ERIC Number: ED069935
Record Type: RIE
Publication Date: 1971-Jul
Reference Count: 0
Federal Government: Civilian Agencies. U.S. Metric Study Interim Report.
National Bureau of Standards (DOC), Washington, DC.
This second interim report on the feasibility of a United States changeover to a metric system stems from the U.S. Metric Study, which was authorized by Public Law 90-472, and was prepared by the National Bureau of Standards to provide a better basis for Congressional evaluation of this issue. Participating in this national survey were 55 federal agencies, of which over half of their individual responding subunits were already using the International System of Units called the SI measurement units or SI-based engineering standards. In spite of the substantial costs involved during a conversion period, 48 of the 50 affected expect long-term advantages to outweigh disadvantages for them, and 39 agencies support a coordinated national effort to increase use of the metric system in the United States, with only one agency in opposition to the idea. The areas of federal responsibility already seriously affected by the current national level of metric system use are: (1) automobile safety, caused by the influx of metric-dimensioned foreign vehicles and components, and (2) the shipbuilding functions of the U.S. Coast Guard. Increased problems in the "area of national responsibility" are expected by over a third of the 57 responding agencies if a "laissez faire" government policy continues. Extensive resource materials are appended, including a glossary, responses to survey questionnaires, and legal problems attendant on national conversion to SI units. (AG)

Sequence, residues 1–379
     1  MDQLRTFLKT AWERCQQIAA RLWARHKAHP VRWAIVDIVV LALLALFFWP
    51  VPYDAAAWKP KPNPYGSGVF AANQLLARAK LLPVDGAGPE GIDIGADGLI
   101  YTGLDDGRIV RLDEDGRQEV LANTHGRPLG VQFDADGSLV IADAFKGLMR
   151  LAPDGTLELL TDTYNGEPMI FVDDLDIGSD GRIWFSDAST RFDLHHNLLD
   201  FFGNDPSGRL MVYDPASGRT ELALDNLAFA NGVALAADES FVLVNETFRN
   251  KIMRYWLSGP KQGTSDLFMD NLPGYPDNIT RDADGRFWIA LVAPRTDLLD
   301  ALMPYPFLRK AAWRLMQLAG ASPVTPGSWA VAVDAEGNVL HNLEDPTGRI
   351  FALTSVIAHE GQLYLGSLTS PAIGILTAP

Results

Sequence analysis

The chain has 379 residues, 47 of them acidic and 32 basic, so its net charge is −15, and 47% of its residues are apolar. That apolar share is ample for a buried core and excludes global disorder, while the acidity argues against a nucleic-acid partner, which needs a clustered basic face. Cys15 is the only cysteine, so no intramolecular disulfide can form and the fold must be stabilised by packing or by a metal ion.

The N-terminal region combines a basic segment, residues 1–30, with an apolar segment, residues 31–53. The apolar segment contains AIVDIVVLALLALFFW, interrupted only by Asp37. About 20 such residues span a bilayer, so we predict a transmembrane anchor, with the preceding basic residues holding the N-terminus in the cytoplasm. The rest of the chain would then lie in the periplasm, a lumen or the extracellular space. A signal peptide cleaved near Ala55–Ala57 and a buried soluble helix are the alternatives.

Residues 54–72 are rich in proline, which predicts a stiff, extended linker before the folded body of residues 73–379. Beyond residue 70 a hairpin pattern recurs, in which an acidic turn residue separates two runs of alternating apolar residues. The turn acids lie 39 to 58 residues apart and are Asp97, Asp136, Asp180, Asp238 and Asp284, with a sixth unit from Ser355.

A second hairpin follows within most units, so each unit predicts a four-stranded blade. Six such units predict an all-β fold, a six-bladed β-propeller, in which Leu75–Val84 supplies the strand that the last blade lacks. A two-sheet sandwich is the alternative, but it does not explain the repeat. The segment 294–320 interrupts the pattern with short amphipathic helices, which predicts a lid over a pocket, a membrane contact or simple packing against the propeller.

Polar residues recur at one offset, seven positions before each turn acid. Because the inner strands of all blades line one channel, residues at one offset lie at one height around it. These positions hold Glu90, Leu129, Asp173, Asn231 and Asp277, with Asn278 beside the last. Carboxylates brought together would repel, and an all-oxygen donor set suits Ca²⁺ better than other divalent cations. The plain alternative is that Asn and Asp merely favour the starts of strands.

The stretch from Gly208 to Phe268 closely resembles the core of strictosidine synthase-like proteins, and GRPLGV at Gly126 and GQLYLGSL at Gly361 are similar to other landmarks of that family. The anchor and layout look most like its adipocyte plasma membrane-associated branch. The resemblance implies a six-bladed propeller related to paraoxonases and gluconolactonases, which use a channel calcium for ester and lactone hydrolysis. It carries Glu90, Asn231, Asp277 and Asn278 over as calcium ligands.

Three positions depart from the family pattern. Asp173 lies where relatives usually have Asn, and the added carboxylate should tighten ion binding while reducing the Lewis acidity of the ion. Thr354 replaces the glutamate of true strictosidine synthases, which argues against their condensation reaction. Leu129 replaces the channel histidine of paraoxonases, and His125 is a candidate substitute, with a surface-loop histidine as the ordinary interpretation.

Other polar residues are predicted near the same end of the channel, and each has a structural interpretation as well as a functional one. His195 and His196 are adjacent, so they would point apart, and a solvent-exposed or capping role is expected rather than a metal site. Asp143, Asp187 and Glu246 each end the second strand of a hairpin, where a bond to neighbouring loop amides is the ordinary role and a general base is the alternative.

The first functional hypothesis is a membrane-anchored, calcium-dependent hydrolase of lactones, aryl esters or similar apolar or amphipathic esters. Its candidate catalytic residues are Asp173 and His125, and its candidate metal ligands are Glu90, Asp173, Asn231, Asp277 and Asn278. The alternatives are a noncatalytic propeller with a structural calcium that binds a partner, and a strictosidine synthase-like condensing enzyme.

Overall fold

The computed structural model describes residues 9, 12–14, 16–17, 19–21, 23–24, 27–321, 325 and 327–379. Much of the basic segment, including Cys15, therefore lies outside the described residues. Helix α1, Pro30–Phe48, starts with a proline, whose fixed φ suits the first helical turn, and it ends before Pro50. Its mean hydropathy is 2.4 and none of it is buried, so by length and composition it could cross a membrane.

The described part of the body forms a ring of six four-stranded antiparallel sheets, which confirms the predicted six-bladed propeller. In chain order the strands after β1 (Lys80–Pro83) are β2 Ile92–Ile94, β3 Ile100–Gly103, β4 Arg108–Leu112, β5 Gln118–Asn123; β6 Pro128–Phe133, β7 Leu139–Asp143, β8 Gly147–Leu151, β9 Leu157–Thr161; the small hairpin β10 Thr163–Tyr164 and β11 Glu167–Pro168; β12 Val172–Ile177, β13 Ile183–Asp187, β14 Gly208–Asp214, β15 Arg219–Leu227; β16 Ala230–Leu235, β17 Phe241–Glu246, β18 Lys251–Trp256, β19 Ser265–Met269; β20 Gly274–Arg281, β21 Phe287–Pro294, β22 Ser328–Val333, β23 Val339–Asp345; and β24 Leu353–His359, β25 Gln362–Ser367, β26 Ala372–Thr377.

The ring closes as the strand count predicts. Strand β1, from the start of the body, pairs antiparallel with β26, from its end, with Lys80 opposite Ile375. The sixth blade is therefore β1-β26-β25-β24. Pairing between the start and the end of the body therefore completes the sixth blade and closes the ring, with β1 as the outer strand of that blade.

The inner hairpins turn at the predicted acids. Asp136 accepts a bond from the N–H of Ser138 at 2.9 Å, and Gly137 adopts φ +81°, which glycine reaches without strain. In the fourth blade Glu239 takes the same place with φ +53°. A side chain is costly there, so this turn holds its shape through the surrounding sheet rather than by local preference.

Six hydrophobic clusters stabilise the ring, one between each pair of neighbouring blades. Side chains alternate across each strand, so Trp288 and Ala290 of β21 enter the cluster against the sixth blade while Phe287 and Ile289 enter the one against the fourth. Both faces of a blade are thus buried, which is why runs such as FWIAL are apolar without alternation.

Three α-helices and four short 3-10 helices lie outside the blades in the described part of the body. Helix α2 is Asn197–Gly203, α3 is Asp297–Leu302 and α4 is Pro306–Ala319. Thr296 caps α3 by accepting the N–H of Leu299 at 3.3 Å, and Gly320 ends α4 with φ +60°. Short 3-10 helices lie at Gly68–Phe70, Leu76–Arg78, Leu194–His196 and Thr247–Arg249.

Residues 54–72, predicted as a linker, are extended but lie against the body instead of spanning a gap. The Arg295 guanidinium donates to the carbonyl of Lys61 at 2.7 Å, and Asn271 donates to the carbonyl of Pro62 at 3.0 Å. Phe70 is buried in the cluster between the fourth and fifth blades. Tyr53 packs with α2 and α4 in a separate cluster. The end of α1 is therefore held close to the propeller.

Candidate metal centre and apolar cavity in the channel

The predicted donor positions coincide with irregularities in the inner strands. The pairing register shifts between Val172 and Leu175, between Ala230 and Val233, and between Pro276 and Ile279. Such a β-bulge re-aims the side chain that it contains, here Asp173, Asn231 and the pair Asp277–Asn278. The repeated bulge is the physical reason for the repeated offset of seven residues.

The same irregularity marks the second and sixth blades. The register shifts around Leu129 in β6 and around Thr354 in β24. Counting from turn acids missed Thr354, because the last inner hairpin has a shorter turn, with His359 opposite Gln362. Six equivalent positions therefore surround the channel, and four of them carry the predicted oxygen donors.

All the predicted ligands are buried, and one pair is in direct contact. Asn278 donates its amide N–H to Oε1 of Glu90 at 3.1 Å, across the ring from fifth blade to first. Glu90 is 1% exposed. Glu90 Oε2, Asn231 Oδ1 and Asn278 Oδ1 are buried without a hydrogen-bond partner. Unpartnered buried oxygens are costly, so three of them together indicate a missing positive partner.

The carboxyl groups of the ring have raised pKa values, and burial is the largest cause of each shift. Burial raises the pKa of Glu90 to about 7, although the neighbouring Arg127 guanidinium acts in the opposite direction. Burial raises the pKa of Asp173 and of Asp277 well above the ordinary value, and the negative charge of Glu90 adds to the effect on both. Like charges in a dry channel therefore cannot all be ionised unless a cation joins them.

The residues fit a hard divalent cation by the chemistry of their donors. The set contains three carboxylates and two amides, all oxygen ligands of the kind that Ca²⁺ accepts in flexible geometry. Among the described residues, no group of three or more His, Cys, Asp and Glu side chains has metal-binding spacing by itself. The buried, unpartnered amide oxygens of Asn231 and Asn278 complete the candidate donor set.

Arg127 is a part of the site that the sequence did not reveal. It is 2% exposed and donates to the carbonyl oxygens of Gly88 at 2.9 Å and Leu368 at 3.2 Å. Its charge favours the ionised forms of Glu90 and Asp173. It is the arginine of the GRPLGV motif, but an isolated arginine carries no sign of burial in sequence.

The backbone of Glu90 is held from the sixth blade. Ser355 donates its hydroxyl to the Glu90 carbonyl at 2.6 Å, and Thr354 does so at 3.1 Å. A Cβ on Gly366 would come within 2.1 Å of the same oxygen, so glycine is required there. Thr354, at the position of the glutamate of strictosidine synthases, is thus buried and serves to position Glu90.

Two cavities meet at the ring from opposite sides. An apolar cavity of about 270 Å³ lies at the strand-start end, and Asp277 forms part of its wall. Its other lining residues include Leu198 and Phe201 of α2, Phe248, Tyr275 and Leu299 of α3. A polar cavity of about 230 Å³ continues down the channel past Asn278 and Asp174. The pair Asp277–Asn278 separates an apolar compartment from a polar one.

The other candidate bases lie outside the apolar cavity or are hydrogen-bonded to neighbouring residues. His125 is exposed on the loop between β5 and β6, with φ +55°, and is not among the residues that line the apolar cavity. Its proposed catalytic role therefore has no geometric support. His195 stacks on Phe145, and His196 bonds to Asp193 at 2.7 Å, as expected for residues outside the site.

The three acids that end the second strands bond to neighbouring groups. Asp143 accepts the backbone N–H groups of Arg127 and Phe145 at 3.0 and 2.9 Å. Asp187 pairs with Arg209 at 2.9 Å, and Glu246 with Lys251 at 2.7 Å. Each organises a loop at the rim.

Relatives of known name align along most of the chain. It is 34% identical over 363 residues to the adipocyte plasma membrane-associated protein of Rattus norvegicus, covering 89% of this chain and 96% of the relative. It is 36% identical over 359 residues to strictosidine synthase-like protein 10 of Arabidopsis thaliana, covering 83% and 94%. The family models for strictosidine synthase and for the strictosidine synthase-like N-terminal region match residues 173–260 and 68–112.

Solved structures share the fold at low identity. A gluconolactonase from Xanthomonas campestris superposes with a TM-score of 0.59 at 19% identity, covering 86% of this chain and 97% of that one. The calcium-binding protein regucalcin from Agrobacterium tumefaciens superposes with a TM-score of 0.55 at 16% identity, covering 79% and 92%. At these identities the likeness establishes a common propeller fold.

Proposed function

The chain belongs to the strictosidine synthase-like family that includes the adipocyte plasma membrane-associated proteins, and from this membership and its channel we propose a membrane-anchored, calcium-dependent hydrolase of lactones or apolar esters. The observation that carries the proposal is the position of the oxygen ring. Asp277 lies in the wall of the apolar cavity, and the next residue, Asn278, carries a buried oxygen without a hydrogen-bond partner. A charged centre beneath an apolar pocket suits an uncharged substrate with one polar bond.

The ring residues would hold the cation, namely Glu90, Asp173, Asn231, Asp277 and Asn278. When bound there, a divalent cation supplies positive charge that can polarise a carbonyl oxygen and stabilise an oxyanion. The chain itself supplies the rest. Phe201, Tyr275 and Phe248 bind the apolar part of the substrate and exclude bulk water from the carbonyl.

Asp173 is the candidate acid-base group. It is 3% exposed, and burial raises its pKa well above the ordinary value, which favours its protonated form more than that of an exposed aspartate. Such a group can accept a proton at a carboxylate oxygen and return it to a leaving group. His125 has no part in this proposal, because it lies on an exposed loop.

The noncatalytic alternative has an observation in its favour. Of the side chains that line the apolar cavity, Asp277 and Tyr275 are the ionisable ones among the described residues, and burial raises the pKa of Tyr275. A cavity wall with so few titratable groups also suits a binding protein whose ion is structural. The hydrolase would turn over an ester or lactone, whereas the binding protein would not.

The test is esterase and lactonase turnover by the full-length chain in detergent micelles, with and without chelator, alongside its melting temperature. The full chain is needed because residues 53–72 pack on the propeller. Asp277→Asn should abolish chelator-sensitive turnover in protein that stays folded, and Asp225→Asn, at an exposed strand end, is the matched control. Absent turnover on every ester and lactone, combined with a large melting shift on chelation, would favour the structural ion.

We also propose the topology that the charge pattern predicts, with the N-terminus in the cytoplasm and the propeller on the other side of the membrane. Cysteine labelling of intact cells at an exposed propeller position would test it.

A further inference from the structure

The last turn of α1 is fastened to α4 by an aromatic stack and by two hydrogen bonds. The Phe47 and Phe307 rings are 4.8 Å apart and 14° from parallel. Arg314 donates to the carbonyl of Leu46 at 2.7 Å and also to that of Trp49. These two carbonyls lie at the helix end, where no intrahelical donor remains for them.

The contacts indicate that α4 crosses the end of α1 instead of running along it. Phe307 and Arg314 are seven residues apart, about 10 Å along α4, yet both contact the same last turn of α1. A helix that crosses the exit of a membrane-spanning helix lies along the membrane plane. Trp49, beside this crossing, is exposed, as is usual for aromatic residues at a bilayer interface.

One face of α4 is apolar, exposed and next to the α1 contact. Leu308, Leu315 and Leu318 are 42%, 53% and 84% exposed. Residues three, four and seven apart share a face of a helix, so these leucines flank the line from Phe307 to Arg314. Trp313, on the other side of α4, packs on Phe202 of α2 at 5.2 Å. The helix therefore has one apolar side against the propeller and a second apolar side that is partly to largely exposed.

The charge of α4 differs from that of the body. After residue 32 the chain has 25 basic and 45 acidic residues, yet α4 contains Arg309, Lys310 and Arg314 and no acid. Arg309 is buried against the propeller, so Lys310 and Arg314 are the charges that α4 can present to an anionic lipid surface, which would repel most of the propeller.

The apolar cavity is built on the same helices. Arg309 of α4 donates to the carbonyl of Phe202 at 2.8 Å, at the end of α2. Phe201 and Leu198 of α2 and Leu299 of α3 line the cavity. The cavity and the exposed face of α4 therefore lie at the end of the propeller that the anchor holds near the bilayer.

Descriptors: Agency Role, Community Organizations, Federal Government, Government Publications, Government Role, Majority Attitudes, Metric System, National Surveys, Problem Solving, Public Agencies, Resource Materials, Social Change, Social Problems
Superintendent of Documents, U.S. Government Printing Office, Washington, D.C. 20402 (Catalog No. C13.10:345-2, $2.25)
Publication Type: N/A
Education Level: N/A
Authoring Institution: National Bureau of Standards (DOC), Washington, DC.